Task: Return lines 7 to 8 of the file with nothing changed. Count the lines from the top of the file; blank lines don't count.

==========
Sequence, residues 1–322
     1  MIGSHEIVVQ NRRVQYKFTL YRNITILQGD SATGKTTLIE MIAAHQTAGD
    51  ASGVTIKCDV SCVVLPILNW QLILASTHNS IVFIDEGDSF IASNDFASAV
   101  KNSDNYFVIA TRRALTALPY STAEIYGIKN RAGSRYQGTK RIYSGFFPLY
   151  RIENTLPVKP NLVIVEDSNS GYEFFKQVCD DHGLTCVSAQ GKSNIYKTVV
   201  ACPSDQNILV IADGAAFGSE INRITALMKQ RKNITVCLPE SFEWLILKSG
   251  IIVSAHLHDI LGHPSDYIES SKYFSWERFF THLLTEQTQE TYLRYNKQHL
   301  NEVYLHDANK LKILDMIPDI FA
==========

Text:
   251  IIVSAHLHDI LGHPSDYIES SKYFSWERFF THLLTEQTQE TYLRYNKQHL
   301  NEVYLHDANK LKILDMIPDI FA